India's weightlifting coach quits | India News | Al Jazeera

India's weightlifting coach quits

Egyptian coach resigns after long running dispute.

    Satheesha Rai of India attempts a lift [GALLO/GETTY]
    India's Egyptian weightlifting coach has quit after a lengthy row with federation chiefs, during which he alleged doping by the country's senior lifters.

    Magad Salama, who forwarded his resignation to the state-run Sports Authority of India (SAI) some time ago, said he was waiting for it to be accepted so he could return home.

    "I didn't get an answer, but maybe today or tomorrow I will," he said.

    "I'm closing this thing, I don't have any relationship with weightlifting in India," he said. "I don't have any comment about the situation here."

    A senior SAI official confirmed Salama's resignation was on the verge of being accepted.

    India's lifters were thrust into the spotlight when positive tests in high-profile competitions led to a suspension in 2006.

    Even though the country's only medal at the Sydney Olympics was won by a weightlifter, so far no Indian lifters have qualified for the Beijing Games.

    A senior federation official said Salama had demanded a free hand to pick mostly juniors for the upcoming Asian championship, an Olympic qualifying event, after he had raised concerns about doping by senior lifters.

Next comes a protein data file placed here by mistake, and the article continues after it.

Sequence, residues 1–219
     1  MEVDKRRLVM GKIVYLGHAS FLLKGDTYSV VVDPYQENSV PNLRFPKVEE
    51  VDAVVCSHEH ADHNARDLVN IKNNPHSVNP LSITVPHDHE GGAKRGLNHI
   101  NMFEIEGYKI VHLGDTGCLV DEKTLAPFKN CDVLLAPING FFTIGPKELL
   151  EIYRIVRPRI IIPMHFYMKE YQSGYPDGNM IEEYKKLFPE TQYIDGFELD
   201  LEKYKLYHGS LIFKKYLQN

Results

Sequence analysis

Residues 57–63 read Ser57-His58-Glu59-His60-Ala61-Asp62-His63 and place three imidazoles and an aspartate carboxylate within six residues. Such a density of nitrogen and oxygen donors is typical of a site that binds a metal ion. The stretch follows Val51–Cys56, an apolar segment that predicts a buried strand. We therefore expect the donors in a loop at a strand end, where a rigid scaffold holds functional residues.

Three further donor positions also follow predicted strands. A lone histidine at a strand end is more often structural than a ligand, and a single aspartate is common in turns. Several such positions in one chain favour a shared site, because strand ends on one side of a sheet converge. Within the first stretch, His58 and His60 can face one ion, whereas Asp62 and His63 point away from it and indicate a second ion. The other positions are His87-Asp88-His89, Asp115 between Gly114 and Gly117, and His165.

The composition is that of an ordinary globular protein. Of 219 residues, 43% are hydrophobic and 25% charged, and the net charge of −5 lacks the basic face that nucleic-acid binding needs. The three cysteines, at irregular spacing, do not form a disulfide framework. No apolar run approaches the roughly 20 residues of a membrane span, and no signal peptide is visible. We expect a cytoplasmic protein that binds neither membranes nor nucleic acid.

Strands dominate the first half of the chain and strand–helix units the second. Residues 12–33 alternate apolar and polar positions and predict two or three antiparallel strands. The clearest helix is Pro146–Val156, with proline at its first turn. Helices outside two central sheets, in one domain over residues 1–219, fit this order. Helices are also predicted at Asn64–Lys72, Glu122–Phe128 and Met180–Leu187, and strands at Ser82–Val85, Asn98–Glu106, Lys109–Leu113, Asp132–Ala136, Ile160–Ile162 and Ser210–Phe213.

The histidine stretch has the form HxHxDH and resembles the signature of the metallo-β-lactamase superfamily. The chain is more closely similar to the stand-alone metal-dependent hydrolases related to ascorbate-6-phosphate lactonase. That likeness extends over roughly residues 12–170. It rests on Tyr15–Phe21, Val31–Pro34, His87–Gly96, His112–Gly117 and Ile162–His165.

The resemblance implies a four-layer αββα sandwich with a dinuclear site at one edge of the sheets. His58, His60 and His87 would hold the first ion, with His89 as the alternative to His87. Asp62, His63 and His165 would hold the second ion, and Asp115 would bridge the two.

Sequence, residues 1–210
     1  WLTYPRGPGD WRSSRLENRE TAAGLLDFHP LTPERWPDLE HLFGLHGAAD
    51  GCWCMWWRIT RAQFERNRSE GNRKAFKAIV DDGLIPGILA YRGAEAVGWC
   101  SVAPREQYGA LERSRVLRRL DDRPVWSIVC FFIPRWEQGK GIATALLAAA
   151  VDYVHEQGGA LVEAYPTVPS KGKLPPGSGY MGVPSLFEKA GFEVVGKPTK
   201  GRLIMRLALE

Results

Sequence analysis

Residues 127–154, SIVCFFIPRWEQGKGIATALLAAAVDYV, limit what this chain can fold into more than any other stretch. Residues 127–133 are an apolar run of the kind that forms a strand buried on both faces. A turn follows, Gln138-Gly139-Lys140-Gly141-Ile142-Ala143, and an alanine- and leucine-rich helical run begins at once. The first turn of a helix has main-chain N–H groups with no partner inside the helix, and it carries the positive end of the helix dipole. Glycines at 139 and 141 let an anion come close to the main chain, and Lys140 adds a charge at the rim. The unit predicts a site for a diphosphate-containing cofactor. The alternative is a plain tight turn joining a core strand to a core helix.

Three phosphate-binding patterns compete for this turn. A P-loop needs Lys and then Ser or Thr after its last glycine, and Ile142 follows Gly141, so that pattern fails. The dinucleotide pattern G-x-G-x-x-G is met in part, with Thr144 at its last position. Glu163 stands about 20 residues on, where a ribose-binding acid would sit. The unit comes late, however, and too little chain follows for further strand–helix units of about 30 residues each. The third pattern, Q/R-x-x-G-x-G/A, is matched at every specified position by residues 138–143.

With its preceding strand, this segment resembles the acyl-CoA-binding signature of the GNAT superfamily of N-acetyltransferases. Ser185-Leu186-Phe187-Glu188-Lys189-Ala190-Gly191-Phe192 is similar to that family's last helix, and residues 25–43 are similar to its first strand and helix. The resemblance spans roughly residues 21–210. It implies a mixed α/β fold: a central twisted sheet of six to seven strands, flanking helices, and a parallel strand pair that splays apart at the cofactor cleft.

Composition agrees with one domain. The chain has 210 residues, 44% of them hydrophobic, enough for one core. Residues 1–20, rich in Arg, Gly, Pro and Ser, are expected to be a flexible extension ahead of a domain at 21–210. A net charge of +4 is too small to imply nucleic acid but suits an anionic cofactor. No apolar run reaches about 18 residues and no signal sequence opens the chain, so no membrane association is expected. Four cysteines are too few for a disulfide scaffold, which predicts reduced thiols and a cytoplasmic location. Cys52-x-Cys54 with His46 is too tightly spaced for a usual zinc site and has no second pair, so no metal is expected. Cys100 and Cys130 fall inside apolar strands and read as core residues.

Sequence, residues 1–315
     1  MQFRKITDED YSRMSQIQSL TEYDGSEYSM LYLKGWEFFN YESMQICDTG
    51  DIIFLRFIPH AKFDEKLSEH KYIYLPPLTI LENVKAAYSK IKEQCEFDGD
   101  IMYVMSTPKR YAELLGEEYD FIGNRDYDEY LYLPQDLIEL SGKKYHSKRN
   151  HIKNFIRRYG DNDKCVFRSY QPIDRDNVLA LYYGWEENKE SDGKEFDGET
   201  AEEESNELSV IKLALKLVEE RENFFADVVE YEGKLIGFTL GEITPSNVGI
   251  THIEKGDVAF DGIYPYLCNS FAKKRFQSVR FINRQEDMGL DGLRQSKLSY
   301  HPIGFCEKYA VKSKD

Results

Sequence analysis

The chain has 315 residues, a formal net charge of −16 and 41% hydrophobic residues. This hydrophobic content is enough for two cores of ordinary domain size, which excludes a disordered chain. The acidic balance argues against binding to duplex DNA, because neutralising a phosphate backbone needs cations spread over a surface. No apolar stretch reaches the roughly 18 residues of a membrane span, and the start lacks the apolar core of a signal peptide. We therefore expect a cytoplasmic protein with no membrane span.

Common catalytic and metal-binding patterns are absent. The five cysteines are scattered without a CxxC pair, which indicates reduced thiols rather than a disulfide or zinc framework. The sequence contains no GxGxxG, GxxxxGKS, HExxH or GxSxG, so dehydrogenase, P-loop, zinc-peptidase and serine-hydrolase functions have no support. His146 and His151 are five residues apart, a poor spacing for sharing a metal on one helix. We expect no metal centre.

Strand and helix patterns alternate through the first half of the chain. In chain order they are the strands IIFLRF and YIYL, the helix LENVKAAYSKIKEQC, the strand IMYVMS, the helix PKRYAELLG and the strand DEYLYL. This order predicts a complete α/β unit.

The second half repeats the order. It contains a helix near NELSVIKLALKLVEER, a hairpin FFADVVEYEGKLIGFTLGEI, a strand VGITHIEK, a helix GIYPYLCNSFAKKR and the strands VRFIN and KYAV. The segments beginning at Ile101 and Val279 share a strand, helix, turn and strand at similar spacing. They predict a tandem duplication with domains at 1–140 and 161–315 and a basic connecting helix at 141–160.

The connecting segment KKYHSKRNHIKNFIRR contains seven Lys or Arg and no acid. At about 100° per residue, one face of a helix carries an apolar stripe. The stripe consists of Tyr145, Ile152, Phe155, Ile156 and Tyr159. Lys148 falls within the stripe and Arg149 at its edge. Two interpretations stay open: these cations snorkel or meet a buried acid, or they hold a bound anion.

The federation secretary Balbir Bhatia said existing selection procedures could not be totally ignored.

    "He has given media statements that Indian lifters are on drugs," Bhatia said.

    "You can't call a man a thief unless there is proof."

    He said that from an estimated 75 tests conducted on Indian lifters in the past year, only one, a junior male, had tested positive.

    The coach was also upset when many weightlifters boycotted a training camp.

    Bhatia said some juniors stayed at their regional centres to concentrate on studies and others remained at a camp run by the army.

    "Our stand is we will hold trials and whoever performs well will be picked by the selection committee," he said.

    "We told him he should understand the system in the country."

    SOURCE: Agencies


    YOU MIGHT ALSO LIKE

    Interactive: Coding like a girl

    Interactive: Coding like a girl

    What obstacles do young women in technology have to overcome to achieve their dreams? Play this retro game to find out.

    America's Guns: Secret Pipeline to Syria

    America's Guns: Secret Pipeline to Syria

    How has the international arms trade exacerbated conflict in the Middle East? People and Power investigates.

    I remember the day … I designed the Nigerian flag

    I remember the day … I designed the Nigerian flag

    In 1959, a year before Nigeria's independence, a 23-year-old student helped colour the country's identity.